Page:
It takes discipline for writers and editors to constantly tailor their prose to the reader’s needs. It’s far too easy to slip into a style they enjoy writing, rather than the language their audience wants to consume. It’s particularly tough for those of us who favour flamboyant prose. Fear not, there’s hope for even the staunchest guardians of grandiloquence.
Being an editor, I enjoy the language. No surprise there then. But what has often astonished me is just how difficult it can be to suppress my love of obscure and interesting words to do my job properly.
We all know that verbosity is the curse of the young writer – straining to shoehorn their word du jour into the latest piece of copy, whatever the subject matter. In retrospect, my personal nadir occurred years ago when I tried to sneak a relatively obscure French phrase into my work. I don’t speak French, but I’d recently learned what it meant and thought it sounded incredibly clever.
The phrase in question was l’esprit de l’escalier. Translated literally as ‘staircase wit’, it refers to the galling experience of realising what you should have said in an argument as you storm off up the stairs. Oddly enough, my editor at the time didn’t feel it was appropriate in a trade magazine for the office supplies industry – the philistine!
The other thing about writers is that many of us secretly, or otherwise, rather like the sound of our own voices. Often being socially awkward sorts, this leaves writing as our sole source of indulgence – I’m on the fourth paragraph and I still haven’t got to the point! In my defence, I felt the blog format allowed me a certain licence to witter.
So, how can those of us who like to luxuriate in language ensure that we switch off the flouncy function in our frontal lobes and do a great job for our clients? Trust me, it can be done.
The strategy team at Great Minds is, even if I do say so myself, pretty amazing. The extensive research they do on clients and their industries informs everything we do. One of the key elements of the strategy phase is creating a small group of audience personas, to whom we can tailor our work. These conceptual people have names, jobs, concerns and aspirations.
By the time we’ve finished fleshing out these personas, I feel I know them well enough to buy each one a passably personal present when their non-existent birthdays roll around. It’s that level of detail that makes it effortless to write content in the language they want to consume, rather than words I enjoy typing. Johnathan in accounts is unlikely to refer to the over-zealous ombudsman as his bête noir, so nor should I. Once I know these people intimately, in theory at least, it’s much easier to communicate with them properly.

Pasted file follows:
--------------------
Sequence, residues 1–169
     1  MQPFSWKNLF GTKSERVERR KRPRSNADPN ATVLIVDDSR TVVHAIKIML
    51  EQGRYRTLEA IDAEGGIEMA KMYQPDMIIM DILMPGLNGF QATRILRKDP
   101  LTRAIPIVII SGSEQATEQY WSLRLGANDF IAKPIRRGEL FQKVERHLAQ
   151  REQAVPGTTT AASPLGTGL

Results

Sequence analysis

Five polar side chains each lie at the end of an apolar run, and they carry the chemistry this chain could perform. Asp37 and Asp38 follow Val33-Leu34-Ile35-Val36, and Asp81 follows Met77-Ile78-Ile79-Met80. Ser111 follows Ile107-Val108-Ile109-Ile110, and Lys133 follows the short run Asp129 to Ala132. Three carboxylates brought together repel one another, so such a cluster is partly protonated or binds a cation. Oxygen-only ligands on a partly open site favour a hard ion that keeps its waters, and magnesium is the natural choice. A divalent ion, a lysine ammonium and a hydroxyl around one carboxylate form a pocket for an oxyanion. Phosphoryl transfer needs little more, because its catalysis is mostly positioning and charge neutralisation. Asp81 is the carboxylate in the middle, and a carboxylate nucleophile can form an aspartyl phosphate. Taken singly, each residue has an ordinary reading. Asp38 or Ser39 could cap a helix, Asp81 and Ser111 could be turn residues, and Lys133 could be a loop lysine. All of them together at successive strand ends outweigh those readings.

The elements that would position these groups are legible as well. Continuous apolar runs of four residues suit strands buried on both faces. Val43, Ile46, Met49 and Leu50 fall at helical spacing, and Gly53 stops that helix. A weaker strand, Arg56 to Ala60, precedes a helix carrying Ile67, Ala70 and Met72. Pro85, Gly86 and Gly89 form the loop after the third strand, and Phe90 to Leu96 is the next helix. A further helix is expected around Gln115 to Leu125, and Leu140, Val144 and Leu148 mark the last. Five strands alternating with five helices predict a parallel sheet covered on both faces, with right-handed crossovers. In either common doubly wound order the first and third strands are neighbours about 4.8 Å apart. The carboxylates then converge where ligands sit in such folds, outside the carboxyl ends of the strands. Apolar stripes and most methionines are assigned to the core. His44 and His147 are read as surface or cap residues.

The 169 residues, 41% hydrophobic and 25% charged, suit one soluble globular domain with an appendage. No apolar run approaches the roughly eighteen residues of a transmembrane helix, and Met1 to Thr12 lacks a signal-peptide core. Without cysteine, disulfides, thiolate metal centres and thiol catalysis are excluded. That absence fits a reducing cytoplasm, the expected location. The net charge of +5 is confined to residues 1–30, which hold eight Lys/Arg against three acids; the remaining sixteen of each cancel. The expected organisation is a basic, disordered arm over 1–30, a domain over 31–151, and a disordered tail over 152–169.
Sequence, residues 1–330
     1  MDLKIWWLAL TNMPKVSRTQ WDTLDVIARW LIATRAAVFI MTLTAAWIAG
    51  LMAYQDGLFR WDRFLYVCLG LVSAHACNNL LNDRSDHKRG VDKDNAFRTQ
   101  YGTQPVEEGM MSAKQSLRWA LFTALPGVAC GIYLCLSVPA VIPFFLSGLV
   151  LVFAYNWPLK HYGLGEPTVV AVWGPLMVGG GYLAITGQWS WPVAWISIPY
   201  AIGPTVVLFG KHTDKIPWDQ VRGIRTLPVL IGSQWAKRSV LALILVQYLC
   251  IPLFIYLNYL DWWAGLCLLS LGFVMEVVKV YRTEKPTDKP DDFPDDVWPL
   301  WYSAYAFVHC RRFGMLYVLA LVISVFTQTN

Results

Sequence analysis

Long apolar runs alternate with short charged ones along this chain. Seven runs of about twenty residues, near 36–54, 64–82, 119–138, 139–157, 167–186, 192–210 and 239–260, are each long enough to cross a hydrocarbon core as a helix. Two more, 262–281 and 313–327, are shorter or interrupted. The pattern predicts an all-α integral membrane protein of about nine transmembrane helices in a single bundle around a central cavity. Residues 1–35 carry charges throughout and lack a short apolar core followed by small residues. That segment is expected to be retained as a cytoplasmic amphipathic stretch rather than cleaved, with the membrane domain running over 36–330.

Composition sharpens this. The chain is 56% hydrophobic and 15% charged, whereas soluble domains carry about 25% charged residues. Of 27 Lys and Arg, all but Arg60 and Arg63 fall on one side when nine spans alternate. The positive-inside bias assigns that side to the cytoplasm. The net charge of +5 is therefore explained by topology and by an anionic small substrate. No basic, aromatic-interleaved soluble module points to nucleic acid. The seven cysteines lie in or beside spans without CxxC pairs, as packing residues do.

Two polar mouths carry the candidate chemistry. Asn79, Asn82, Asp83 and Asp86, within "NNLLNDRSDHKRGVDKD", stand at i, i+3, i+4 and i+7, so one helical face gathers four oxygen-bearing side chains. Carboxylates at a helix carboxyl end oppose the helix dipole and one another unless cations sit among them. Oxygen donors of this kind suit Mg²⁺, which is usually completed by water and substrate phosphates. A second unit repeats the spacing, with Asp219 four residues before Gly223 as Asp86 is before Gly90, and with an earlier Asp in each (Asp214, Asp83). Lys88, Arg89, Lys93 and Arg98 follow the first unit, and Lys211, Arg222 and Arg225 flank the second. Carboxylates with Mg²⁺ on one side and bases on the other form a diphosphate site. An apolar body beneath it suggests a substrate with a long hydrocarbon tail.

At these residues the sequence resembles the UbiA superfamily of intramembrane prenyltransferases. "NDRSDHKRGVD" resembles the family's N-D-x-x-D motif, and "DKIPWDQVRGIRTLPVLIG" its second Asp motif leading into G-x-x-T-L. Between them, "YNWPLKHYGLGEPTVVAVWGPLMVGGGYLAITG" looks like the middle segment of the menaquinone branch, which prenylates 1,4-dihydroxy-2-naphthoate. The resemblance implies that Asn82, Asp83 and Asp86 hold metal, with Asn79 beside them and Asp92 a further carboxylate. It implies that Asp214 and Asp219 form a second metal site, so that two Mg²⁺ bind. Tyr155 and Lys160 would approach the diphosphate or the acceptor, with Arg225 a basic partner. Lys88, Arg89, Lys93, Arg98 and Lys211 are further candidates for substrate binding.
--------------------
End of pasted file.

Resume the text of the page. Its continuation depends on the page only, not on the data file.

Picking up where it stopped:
Fill your inbox
As the renowned philosopher, Nas once mused: no idea is original. Don’t worry if you missed it, it was on one of the awful albums that aren’t Illmatic. And he’s right. There are publications that have been talking to your audience since long before you realised that writing ‘l’esprit de l’escalier’ isn’t clever. Sign up to their newsletters and study them regularly. What terminology do they use and how do they use it? Are they generally full of lengthy, in-depth features or bullet-point-laden, practical pieces? Use this knowledge to inform your approach.
Just to be clear, I’m not advocating plagiarism. Study the style, not the content.
If all else fails
If you still can’t connect with your personas and you’re struggling to nudge your linguistic pomposity below Jacob Rees-Mogg levels, there is a drastic but effective remedy. I reluctantly introduce to the conversation my old nemesis, the Flesch-Kincaid score. I mention this with the same relish as Harry Potter recommending Voldemort as a remedy for overcrowding at Hogwarts.
The aforementioned score rewards monosyllabic words and stilted sentences. In the opinion of some editors, it values bland writing. It does, however, force you to discard with florid language and make your point – I daren’t find out what score this blog would receive. Your score can be found at the end of a spelling and grammar check in Word, and it’s easy enough to boost it with some trial and error. It’s particularly useful if you want to connect with a technical, B2B audience. Aim for a score of around 50 – trust me, it’ll test you.
So there it is a guide to not writing like your inner child – selfish and desperate for attention. It’s a long road to redemption, but I know you can make it. If in doubt, lean on your strategy team, it’s the only thing that’s saved me from me.